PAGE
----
Pollard had no cricket gear of his own — he had to use the common kits in the school. One day, his mother managed him a second-hand gear, which he thrillingly took to the school. But his natural ability was such that Mandol knew he would overcome all those struggles. “Even back then, he was very motivated, and we knew that he was not the kind to do drugs. Give him a bat or a ball, he would play cricket all day long,” he says.

The mother, though, was always anxious and wanted her son to do well in academics so that they would be redeemed from poverty. “It was the way back then. Study well, get a good job. A future in the sport is uncertain,” he says.

It was a difficult time for a cricketer in the Caribbean too. The slide of West Indies as a cricketing superpower was in full swing. Fighting teammates, Russian roulette in captaincy and administrative chaos and apathy had shaken its edifice.

The riches of T20 were distant too. All these could have shaped Pollard’s priorities and choices, most strongly his prioritising of club over country. He was not cricket’s first freelancer, but perhaps the youngest. He was barely 25, stepping into the peak of his career, whereas most freelancers then were over-the-hill veterans. The flashpoint came in 2010, when he refused the West Indies Cricket Board’s central contract so that he could play T20 cricket for Somerset. The backlash was stinging. Michael Holding said: “Kieron Pollard, in my opinion, is not a cricketer.” Pollard was, in his own words, “made to feel worse than the rebel cricketers (who toured South Africa).”

Such condemnations were not to stall or stop him — he had been or is still on the payrolls of 18 franchises. He has been, like all of mankind, monetising a gift of his for a living. The gift of hitting sixes, the golden currency in T20 cricket. He has struck 758 sixes, behind only Chris Gayle (1,042), almost with the same frequency (once every 9.7 balls to Gayle’s 9.4 balls).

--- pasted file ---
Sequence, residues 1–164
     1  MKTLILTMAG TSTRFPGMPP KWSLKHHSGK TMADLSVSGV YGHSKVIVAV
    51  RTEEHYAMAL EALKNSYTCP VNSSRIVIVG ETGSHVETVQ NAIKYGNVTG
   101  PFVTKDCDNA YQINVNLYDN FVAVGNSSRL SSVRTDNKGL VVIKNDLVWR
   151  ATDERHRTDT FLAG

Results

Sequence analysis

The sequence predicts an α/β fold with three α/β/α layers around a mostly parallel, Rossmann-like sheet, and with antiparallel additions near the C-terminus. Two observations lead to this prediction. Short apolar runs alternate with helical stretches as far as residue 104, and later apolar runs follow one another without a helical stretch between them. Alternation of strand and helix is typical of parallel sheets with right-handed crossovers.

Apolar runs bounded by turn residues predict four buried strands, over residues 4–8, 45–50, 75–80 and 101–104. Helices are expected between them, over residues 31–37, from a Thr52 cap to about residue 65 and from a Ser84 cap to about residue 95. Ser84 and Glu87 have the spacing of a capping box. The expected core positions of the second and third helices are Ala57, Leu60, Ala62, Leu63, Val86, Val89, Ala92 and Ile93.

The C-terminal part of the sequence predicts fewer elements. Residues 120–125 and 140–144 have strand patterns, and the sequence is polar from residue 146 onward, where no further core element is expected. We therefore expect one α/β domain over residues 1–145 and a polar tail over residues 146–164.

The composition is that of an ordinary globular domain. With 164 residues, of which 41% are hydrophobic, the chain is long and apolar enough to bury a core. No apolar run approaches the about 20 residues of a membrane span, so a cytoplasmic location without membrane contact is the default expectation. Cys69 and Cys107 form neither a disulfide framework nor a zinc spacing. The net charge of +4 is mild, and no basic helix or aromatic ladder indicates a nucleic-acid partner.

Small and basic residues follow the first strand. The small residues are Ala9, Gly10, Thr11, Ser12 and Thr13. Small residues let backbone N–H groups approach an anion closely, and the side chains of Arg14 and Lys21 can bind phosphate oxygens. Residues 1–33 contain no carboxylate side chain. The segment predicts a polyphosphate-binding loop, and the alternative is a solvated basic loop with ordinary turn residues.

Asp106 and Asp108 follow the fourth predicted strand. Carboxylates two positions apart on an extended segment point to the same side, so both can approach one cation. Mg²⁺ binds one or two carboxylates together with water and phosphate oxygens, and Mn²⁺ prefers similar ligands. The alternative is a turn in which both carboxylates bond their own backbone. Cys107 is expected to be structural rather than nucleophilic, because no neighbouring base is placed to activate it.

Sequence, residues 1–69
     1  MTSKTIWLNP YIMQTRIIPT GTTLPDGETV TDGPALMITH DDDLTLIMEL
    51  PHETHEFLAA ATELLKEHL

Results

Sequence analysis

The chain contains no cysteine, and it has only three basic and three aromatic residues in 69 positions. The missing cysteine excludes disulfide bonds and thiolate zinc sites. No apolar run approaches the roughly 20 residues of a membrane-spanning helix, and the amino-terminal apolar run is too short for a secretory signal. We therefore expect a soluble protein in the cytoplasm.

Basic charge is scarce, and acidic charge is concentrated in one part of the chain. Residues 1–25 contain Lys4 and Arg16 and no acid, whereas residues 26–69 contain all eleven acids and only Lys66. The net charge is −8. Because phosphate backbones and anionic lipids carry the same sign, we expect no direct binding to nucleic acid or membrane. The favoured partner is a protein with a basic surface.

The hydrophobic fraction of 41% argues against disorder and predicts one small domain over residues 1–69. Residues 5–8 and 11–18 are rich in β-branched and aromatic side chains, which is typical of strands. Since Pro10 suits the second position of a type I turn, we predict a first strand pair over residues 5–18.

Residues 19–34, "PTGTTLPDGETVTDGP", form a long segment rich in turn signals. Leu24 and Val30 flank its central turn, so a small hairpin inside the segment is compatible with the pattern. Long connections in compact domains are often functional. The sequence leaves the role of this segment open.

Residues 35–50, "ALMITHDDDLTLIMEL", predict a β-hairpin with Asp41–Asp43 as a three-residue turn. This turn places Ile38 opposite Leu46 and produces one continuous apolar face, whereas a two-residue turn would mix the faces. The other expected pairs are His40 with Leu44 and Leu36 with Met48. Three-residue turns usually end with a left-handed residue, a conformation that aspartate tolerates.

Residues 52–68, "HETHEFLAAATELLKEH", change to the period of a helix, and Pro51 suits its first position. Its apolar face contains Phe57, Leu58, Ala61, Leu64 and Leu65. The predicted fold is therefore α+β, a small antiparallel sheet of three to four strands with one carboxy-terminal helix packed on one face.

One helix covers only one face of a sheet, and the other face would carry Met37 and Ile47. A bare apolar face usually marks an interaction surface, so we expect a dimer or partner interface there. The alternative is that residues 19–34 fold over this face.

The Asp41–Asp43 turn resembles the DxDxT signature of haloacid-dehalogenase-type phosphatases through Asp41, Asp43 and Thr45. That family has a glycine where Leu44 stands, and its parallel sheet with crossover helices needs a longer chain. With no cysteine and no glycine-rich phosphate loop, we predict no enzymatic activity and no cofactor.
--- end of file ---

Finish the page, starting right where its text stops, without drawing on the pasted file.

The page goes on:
He once told Tim Wigmore and Freddie Wilde in the book Cricket 2.0: Inside the T20 Revolution: “You would never understand the situation until you are in the situation.” Pollard was not a regular fixture in the West Indies team in any format, his future was uncertain in Caribbean cricket, T20 leagues were sprouting around the world, and beyond it, he had to sustain his family. After he was dropped from the West Indies team for the first time, no one bothered to call or console him. “Yes, I wasn’t performing. But afterwards, nobody called or said anything. If I had given myself until 25 and not made it big, I would have gone back to school and become a law enforcer,” he had once said.

At that time, he was married and had become a father too. Responsibilities were swelling. “My mother is getting older, so I want to give her the best possible retirement life she could have. I have started my own family as well, so it’s a matter of me trying to work hard enough to provide for my family so that they won’t have to go through what I went through when I was growing up,” he told The Sydney Morning Herald.

***

It’s akin to a carnival whenever Pollard finds time to play for Trinidad. When he’s there, the entire team is star-struck. “He takes them to his room. They will be playing cards or video games. All fun, when he’s around. Everyone wants to be with him, just as he wants to be with them,” says Furlonge.

Though it began as a coach-ward bond, then morphed into a father-son relationship, Pollard and Furlonge are more like brothers now. “We go for drives, have chats, go for an occasional drink, celebrate anniversaries together. He is someone who values friendships and has friends everywhere.”

There are many who call him their best friend. Dwayne Bravo and him go a long way, the latter recommended him to Mumbai Indians, mentioned him in the ‘Champion’ song and calls him his son’s ‘father-in-law’. To the Pandya brothers, he is a brother in arms. To Nicholas Pooran, he is a father figure, who was beside his hospital bed when he suffered a life-threatening car crash. Since his reinstallation as West Indies captain, he has unwaveringly supported talented but under-firing young guns like Shimron Hetmyer and Pooran.

“It is an opportunity for us to be there for these youngsters (Pooran and Hetmyer) and give them a hug and protect them, then let them come out of it. As a team, we are willing to work with these youngsters because we know what they can do.” At the Queen’s Park Club, youngsters wait for Pollard’s arrival. Charity games, fundraising games, donations for hurricane victims, Pollard is just an SMS away. “He will bring them kits, jerseys, and of course, a lot of love. To him, it is all a big family,” says Furlonge.

In that sense, Pollard is a contradiction — the cricketer who considers every team a family is also the most promiscuous one, having pulled over shirts of 18 different sides, from Bridgetown to Dhaka, Multan to St Lucia and Cape Town. He is not a freelancer as the cricket world had imagined — cold and callous, plastic and pretentious.

Maybe, he is more of a misunderstood cricketer. To understand his motivations, one needs to understand his situation, the upbringing and background. To appreciate his six-hitting prowess, though, all it takes is YouTube.

Sandip G… read more